How Does An Occupational Therapist Help Older People?
We are all getting older. Aging brings a lot of changes, both physical and mental. I don’t need to list them all for you here. But one of the toughest parts of the aging process is losing the ability to do things that once were incredibly simple. When these everyday tasks get harder, people tend to feel confused, frustrated, and sometimes even embarrassed.
Luckily there is help available. An occupational therapist is the perfect person to help with maintaining and regaining independence.
Read on to learn 6 benefits of occupational therapy for people as they get older.
First, What is Occupational Therapy?
Many people understand what physical therapy is, but they're a little confused as to what exactly occupational therapy (OT) entails.
Much of the confusion comes from the word “occupation”. Occupation, in the case of occupational therapy, means the everyday activities that people do to occupy time and bring meaning and purpose to life. This includes things people need to, want to and are expected to do- everything from activities of daily living like getting dressed and using the bathroom to caring for family members, things you do for fun, volunteering and work.
Occupational therapy helps people at all stages of life develop, maintain, or recover the skills they need to perform activities (occupations) that are meaningful and necessary.
So, how can an occupational therapist help someone who is aging? Let’s take a look.
1. Make Everyday Tasks Easier
A big part of an occupational therapist’s job is to help make daily tasks easier and safer. Tasks that have been made harder by illness, injury or aging.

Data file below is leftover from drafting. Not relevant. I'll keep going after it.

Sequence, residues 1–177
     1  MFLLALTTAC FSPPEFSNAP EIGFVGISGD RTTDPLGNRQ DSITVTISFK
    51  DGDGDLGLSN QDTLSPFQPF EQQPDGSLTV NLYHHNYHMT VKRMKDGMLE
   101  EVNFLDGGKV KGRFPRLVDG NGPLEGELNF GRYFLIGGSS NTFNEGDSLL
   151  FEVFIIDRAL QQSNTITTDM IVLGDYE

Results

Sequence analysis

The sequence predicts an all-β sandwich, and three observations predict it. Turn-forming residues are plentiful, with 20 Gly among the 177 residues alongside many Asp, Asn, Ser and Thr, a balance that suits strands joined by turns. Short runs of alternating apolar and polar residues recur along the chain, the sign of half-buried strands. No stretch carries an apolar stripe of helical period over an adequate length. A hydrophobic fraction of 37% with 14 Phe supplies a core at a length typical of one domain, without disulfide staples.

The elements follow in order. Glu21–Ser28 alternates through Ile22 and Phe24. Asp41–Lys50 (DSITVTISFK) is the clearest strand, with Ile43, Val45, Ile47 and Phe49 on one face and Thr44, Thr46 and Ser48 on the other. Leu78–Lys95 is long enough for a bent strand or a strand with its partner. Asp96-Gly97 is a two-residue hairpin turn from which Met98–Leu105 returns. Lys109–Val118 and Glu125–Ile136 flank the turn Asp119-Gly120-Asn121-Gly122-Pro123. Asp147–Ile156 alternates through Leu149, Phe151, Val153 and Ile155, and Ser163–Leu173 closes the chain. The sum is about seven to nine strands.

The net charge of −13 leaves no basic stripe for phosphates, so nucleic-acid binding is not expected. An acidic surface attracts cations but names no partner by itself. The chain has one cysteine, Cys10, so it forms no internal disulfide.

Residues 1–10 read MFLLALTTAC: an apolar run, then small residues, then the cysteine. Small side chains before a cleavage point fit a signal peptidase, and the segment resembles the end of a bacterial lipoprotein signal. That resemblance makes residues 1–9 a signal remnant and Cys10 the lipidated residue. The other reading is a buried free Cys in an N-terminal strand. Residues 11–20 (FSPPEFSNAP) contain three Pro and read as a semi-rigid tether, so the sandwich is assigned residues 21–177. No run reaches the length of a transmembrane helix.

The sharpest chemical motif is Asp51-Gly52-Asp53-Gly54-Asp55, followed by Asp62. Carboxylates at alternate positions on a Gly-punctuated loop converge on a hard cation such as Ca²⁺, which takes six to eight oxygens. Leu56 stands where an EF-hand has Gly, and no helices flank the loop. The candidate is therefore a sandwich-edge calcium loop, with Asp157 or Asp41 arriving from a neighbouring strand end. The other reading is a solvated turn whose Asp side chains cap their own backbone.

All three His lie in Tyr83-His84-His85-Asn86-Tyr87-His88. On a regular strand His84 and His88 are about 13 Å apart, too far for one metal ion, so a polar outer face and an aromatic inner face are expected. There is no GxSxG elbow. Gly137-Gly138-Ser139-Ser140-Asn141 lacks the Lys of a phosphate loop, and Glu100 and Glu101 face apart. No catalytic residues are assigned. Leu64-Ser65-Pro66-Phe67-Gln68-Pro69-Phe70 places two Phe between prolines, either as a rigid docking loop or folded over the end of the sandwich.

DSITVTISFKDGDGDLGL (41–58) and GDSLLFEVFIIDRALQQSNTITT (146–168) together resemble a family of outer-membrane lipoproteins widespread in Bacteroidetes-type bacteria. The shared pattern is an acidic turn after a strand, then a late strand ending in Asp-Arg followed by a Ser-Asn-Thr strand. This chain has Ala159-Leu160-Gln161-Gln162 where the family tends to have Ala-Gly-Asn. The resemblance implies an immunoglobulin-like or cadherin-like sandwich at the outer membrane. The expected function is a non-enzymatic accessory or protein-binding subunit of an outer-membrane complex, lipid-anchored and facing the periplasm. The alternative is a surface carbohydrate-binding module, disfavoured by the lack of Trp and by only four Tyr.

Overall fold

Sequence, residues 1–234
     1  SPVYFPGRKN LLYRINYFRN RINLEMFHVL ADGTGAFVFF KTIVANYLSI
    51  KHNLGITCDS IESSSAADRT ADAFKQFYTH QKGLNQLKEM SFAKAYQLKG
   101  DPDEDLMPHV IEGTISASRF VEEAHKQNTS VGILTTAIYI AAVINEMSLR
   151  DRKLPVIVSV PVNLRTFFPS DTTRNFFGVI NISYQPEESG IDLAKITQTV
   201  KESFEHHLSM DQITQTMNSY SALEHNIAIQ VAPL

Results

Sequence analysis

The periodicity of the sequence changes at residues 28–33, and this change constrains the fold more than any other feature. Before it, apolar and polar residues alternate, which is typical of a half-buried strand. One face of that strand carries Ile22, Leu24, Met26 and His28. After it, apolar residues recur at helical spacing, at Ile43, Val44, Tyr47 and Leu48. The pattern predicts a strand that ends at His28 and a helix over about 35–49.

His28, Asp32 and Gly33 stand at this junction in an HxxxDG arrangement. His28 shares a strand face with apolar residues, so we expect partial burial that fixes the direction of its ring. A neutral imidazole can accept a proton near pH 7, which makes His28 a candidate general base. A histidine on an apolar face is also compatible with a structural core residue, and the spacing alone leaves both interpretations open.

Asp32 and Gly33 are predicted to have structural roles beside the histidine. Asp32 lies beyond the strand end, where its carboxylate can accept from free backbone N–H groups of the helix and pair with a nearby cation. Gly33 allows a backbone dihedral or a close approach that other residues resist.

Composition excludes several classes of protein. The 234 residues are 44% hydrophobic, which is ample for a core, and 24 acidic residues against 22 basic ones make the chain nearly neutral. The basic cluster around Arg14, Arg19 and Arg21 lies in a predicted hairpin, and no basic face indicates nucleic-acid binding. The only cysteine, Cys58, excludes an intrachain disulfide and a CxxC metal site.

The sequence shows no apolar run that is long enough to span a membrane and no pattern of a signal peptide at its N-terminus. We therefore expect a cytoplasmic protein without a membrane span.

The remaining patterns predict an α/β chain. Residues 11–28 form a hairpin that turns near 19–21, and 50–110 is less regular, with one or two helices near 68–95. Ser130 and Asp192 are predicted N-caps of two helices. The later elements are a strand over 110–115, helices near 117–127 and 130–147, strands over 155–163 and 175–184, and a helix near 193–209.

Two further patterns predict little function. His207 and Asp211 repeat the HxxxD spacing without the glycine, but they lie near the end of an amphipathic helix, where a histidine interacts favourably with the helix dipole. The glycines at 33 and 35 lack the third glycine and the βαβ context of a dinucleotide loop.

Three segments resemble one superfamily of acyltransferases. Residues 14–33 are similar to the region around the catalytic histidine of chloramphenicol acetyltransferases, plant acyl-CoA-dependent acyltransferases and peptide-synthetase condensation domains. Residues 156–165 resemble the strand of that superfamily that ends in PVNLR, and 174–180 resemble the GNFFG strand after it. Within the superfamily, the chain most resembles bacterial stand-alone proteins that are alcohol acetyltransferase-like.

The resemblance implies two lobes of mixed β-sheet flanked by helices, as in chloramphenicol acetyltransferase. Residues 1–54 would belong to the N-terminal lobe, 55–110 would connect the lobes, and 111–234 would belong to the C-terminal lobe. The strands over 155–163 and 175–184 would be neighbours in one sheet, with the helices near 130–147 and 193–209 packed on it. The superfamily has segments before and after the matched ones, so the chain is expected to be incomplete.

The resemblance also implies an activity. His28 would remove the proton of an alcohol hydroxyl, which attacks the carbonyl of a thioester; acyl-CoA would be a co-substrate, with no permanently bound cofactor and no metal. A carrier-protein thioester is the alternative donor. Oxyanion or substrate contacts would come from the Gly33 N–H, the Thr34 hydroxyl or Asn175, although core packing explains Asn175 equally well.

For many older people, normal daily activities like getting dressed, cooking and using the bathroom are harder and can be exhausting. This can be due to illness, injury or the general changes of aging.
When daily tasks are harder, people are less inclined to want to participate in other important aspects of life, such as work, social gatherings, family outings, and hobbies. This can quickly lead to feelings of depression and isolation.
This is where occupational therapy can be so valuable. OTs help people improve their motor skills, strength, dexterity and endurance to make tasks easier. If needed, they teach compensation techniques to make it possible to do things independently, even if they needs to be done a little differently.
2. Fall Prevention
Did you know that 1 in 4 Americans over the age of 65 have a fall each year? Every 11 seconds, an elderly adult is treated in the emergency room for a fall. And every 19 minutes someone dies from a fall. Falls are serious. In addition to the risk of immediate injury, falls often lead to fear of falling again. This makes someone less likely to move around which makes them weaker. This leads to, you guessed it- more falls.
Falls are often brushed off as “No big deal” but these statistics highlight just how dangerous falls can be.
Occupational therapists teach people balance and muscle building exercises to help prevent falls. If needed, OTs will also recommend different ways to approach tasks and adaptive equipment that can help maintain independence and safety.
3. Memory Compensation
Most people think about the physical benefits of occupational therapy. However, occupational therapy works with both cognitive and physical abilities.